In Stockholm, we drove past the ABBA Museum, which seemed to impress some people in our tour bus.

Interestingly, in our Norway tour (Oslo), not a word was mentioned about their great composer Edvard Grieg, but on the Finnish tour in Helsinki, the name of their National composer, Jean Sibelius was repeatedly mentioned. We made a stop at the park which has a memorial sculpture in his memory, while our tour bus kept playing famous compositions of his. I was touched by that.

I wasn’t touched by the resident String Quartet aboard ship. These four lovely ladies can easily be called the “Boring String Quartet.” Granted they were playing in a noisy room with passengers talking loudly walking around and paying little attention, and in spite of that, their playing maintained pitch accuracy and steady rhythm.  But their musicality, Oy Vey!  They played with the excitement of yesterday’s oatmeal with artistically irrelevant, dispassionate motions. Quick exit for me.

We noticed only one Israeli family on board, father, mother and two well behaved children.

Honest: We met an Australian family in the elevator, wearing life jackets. The father told me that “We came on board to die” Surely he meant “today”.

Two of the seriously good tours were the ones in St. Petersburg and Berlin. The former, where we hired a private tour company, took two days, and was most impressive in displaying the great art works of Russia. Yes we saw the Hermitage Museum with all its splendor and abundance, but there are many other palaces, summer homes, winter homes of the Czarist family. Our superb guide explained many details, once we explained our interest in the arts; her English was impeccable, and her sense of humor was subtle, adding the right touch of humanity.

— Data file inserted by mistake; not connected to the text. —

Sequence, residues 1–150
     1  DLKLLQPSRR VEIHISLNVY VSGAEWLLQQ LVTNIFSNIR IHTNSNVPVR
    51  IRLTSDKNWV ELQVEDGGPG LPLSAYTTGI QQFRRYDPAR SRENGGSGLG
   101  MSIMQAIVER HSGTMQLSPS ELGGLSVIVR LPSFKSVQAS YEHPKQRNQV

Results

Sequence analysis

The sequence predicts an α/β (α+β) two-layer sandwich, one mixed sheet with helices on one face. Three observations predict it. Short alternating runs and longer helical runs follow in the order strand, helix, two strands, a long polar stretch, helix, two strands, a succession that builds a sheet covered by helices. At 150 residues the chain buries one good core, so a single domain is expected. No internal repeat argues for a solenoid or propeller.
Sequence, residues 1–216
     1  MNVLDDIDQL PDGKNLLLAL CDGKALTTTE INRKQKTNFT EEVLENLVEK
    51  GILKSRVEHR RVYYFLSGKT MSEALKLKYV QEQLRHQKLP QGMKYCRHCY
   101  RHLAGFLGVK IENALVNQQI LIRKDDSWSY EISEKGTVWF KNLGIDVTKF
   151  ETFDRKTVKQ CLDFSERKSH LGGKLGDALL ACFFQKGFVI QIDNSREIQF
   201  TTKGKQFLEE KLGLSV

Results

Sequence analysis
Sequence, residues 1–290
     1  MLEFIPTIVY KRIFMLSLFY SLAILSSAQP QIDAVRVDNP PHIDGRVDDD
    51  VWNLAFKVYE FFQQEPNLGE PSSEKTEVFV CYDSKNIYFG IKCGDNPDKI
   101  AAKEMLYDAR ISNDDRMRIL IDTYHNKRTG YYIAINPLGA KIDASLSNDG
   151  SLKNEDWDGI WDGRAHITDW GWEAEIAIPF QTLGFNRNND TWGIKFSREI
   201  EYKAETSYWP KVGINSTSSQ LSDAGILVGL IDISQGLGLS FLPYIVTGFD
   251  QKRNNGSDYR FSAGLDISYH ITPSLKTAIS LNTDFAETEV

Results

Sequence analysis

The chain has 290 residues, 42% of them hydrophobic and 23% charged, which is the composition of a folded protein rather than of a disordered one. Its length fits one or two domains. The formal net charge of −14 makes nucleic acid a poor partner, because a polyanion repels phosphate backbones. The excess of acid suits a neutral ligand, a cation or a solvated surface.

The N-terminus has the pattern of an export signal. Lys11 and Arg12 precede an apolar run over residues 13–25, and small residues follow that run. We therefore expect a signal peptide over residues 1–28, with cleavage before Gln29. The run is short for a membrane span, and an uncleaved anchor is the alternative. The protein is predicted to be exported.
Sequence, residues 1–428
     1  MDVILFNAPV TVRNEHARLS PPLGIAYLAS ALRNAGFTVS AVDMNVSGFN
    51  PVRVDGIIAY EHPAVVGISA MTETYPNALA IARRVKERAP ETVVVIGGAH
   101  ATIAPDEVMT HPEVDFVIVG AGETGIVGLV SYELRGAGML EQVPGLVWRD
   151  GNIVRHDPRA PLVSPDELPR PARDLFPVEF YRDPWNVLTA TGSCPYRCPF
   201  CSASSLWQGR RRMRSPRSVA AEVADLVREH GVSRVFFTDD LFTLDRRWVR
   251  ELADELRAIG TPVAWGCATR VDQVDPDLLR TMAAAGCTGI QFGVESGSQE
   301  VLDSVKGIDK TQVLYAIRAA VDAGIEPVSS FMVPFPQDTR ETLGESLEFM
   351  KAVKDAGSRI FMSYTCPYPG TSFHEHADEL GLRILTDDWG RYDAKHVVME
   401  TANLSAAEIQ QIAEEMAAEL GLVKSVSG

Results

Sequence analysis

But the tour of Berlin was the most impressive. Our private guide turned out to be an Israeli young man, who had a marked propensity to show us “Jewish Berlin”, once we conveyed to him our interests. We learned many lesser known facts about Jewish Berlin, from the past and today. Aside from visiting the remnant of the Wall, Checkpoint Charlie, the Brandenburg Gate, and other historic places, we were stunned at the impact and symbolism of the Jewish Museum, and the Holocaust Memorial area. There are just too many details to mention here, but these locations are a must place to visit for Jew and Gentile alike. There were no horrific concentration camp photos and shock-value of the atrocities, but it was all SYMBOLIC. It entered deeply into our consciences and left all of us with the true feelings created by anti-Semitism, its development in Europe, to the culmination of the Holocaust. Most highly recommended.

The concluding ‘coda’ of this report: In the Newark Airport on returning, I spotted a young man wearing a baseball cap with a single word: INFIDEL.

Amos is conductor of the Tifereth Israel Community Orchestra and has guest conducted orchestras around the world.  He may be contacted via [email protected]